THOUGH SHE’S THE FIRST person of color to hold state office in Baltimore’s 46th legislative district, which wraps around the harbor from Brooklyn and Cherry Hill to Highlandtown and Dundalk, Del. Robbyn Lewis never set out to be an elected official.
Inspired by a childhood dream of becoming a physician and running the World Health Organization, the Indiana native worked for two decades in international health after serving in the Peace Corps. After being recruited by Johns Hopkins’ Bloomberg School of Public Health to study tuberculosis and HIV prevention in Haiti, Lewis settled in Baltimore, where she worked for the Hopkins-affiliated nonprofit health organization Jhpiego and jumped into community activism in her neighborhood of Patterson Park.
Shortly after the 2016 presidential election, Lewis was hired by Emerge Maryland, which recruits and trains Democratic women to run for office. When one of her delegates, Pete Hammen, left to work for then-Mayor Catherine Pugh in late 2016, Lewis was chosen for the job. She was reelected by her constituents in 2018.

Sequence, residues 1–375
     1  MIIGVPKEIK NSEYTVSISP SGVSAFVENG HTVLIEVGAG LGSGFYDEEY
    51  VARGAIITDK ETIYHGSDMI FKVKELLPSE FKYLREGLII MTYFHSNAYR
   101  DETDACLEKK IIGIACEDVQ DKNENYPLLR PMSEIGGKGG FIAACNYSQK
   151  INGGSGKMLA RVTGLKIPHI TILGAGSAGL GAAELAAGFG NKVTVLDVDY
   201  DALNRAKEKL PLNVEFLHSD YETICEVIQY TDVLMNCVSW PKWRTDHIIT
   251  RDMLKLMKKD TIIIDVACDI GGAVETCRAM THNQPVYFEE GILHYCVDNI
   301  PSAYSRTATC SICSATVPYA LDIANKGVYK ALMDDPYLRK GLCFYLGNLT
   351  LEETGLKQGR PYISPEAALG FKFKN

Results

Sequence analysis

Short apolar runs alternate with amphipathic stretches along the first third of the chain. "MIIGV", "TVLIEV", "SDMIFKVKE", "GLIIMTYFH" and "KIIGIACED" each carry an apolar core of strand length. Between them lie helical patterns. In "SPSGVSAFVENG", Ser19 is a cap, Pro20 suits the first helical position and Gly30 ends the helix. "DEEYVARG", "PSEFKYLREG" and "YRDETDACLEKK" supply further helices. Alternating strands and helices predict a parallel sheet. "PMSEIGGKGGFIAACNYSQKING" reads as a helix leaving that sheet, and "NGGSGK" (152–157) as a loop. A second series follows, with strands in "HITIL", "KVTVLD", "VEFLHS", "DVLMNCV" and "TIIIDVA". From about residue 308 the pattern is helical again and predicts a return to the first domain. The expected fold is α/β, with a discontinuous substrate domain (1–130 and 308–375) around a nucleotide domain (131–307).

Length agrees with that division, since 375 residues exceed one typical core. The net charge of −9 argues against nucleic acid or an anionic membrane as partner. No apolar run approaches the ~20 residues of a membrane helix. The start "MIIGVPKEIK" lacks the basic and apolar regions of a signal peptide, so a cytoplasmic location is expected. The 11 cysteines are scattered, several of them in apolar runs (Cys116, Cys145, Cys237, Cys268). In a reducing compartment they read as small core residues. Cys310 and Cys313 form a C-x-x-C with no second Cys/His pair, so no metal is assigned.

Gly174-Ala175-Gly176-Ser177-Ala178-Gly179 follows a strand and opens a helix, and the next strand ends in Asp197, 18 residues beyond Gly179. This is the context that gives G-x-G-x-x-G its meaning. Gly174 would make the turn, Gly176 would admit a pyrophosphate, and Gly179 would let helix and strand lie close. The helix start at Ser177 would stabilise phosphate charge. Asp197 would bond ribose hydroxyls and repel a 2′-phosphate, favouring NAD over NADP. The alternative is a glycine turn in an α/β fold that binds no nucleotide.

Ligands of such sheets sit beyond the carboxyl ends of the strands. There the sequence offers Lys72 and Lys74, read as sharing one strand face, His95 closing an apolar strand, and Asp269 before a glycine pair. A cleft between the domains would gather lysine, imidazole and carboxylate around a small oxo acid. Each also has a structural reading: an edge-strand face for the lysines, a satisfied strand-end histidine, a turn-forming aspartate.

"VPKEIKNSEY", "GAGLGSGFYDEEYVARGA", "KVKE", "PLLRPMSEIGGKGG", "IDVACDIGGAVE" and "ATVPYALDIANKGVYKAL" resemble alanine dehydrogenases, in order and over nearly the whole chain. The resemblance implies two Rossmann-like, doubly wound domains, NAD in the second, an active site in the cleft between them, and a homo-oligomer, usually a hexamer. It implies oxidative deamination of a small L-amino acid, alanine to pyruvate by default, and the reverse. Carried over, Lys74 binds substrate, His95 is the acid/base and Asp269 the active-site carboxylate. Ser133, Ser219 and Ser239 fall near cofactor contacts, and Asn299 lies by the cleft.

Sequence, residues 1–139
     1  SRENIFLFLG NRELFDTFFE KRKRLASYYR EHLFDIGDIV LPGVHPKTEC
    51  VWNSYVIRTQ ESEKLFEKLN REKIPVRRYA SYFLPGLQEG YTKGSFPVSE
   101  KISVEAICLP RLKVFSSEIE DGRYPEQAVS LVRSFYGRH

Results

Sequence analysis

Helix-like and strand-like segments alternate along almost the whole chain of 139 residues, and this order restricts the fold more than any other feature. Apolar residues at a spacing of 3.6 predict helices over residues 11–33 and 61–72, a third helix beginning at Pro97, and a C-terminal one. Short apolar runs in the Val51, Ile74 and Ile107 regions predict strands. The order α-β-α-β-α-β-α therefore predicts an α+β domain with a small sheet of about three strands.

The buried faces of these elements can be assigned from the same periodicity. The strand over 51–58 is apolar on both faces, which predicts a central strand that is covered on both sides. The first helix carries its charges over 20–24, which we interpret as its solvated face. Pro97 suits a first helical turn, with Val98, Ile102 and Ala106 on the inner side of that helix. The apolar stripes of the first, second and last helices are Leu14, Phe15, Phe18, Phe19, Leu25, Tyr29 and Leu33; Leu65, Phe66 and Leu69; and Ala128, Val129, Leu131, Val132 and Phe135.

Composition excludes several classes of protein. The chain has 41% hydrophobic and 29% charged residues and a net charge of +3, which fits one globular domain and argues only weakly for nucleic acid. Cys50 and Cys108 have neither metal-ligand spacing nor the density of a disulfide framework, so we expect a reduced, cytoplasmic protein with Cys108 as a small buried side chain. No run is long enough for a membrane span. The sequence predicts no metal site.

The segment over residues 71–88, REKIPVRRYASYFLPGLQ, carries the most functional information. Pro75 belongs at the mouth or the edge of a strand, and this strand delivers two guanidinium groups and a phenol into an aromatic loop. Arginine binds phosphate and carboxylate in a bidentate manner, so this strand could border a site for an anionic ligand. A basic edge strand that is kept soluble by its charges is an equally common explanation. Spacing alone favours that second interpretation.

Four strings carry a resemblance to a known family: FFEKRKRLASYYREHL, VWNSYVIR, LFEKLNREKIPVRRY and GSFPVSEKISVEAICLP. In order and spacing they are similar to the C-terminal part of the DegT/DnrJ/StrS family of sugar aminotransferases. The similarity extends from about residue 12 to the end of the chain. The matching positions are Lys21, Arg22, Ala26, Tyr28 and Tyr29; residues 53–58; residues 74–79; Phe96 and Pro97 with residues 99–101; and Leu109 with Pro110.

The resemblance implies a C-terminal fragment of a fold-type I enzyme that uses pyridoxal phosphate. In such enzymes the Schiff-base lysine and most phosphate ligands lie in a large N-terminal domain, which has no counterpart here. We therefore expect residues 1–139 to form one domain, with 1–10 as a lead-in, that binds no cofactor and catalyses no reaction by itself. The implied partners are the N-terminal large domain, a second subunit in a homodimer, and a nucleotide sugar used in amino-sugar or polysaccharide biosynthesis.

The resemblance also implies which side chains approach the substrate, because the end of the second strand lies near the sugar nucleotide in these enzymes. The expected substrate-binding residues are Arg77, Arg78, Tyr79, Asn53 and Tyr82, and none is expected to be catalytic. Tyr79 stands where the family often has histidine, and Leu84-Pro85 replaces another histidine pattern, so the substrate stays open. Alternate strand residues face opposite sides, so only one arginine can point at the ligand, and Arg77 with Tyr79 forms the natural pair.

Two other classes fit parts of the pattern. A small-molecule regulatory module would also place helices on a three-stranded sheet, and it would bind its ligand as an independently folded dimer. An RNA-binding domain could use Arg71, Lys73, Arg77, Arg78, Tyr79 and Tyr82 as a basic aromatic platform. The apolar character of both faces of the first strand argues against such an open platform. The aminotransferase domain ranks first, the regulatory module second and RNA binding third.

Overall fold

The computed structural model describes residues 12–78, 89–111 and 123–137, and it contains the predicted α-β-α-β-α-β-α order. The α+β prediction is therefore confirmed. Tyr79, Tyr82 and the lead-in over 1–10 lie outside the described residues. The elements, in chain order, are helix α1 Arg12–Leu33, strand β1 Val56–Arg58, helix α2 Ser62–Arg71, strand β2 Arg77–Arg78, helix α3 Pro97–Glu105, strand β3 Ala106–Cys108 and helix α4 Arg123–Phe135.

What led you to the Maryland House of Delegates? How does this role build upon your prior work in public health?
I am part of the wave of people who came into an elected position as a result of the 2016 Trump-Clinton presidential election. Around that time, I learned about this program called Emerge Maryland. I thought, of all the changes I’m looking for in my life, maybe I’ll check this out. In the aftermath of the insanity of the presidential election, I asked myself, “What can I do to protect my neighbors?”
After traveling the world, what made you stay in Baltimore?
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